Commentary  

Kofi Agawu



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Received December 2010
Volume 16, Number 4, December 2010
Copyright © 2010 Society for Music Theory


[1] It would appear that the once antithetical disciplines of music theory and ethnomusicology are entering a new phase of cooperation. Put differently, music theorists are showing an increasing interest in non-Western (and non-canonical) music. Publications and conferences attest to this. For example, in February of 2010, the University of Massachusetts at Amherst hosted a conference on the subject, Analytical Approaches to World Music. This unprecedented event brought established as well as emerging theorists and ethnomusicologists together with a handful of composers and performers to exchange ideas about various non-Western repertories. The focus in session after session was the notes themselves–their extent, patterns of combination, mode of articulation and impact on listeners. It seemed to me then that a number of theorists had been especially hungry for this sort of encounter, that although they may have previously been held back from pursuing their interest by institutional factors prohibiting people who had not done ‘fieldwork’ from talking about non-Western music, the Amherst event helped to overcome such reticence. In the company of kindred spirits, one could finally and publicly experience the joys of performing linear analyses of Indian melody, juxtapose periodicities of contrasting world musics, share meticulous home-made transcriptions, debate the fine points of musical terminology, and freely distribute the reality of African rhythm into numbers, shapes and graphs just to see what would come out.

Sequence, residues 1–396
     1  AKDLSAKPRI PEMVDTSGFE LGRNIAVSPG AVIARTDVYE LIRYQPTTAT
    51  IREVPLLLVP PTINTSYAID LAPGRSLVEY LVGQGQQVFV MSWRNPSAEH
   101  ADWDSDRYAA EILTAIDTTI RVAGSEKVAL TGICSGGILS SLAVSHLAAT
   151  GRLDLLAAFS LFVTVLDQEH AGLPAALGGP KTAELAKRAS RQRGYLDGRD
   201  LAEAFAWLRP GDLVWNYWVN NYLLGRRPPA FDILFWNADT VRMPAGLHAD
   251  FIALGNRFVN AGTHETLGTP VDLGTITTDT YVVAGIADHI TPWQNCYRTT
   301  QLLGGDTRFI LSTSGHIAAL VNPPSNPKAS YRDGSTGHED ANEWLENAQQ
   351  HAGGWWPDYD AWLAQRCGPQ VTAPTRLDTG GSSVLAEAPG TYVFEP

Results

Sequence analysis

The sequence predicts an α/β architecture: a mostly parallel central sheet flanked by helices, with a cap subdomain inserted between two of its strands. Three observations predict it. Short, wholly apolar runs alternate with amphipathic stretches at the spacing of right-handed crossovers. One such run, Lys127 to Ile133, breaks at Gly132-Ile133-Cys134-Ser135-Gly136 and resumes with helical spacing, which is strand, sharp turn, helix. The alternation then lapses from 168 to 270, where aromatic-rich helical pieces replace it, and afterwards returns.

[2] In one sense, this Special Issue of MTO continues the momentum generated by the Amherst event even while announcing a significant presence for African music in a mainstream theory journal. It is perhaps no accident that two of the five contributors (David Locke and Martin Scherzinger) together with Michael Tenzer and myself participated in the February event; the remaining three (Rainer Polak, Matthew Butterfield and James Burns) would surely have felt at home there, too, had time and opportunity made their participation possible. Four of the five papers published here deal with rhythm in African music while the fifth (by Butterfield) offers a cogent demonstration of time-keeping in jazz. (I will confine my commentary to the four papers on African music so as not to overstep the limits of my knowledge).

[3] Why African rhythm? Because, as is widely known, the rhythmic dimension is elaborated with particular ingenuity in a host of repertories across the African continent. Not surprisingly, this condition has engendered a significant body of writing that is gradually reaching a consensus on the nature of the underlying organizing principles. We are in good hands with our four authors not only because of their obvious commitment to theorizing but because each is active as a performer (Burns, Locke and Polak are drummers, Scherzinger an mbirist), thus guaranteeing a certain hands-on familiarity with their chosen repertories. The geocultural spread cannot possibly cover all of Black Africa, but it is nevertheless commendable: Southern Ewe drumming (Burns and Locke), jembe drumming from Mali (Polak), and mbira music from Zimbabwe and Mozambique (Scherzinger). Indeed, Burns goes beyond the African continent to the Black Atlantic and in so doing widens the geocultural reach and promotes comparative musical thinking. The common concern of all four authors is to explain, by means of close analysis aided by transcriptions, prose, graphs, and audio and video clips, the intricacies of rhythmic procedure in selected African and African-diasporic repertories. A word about each essay may help to provide a broad orientation.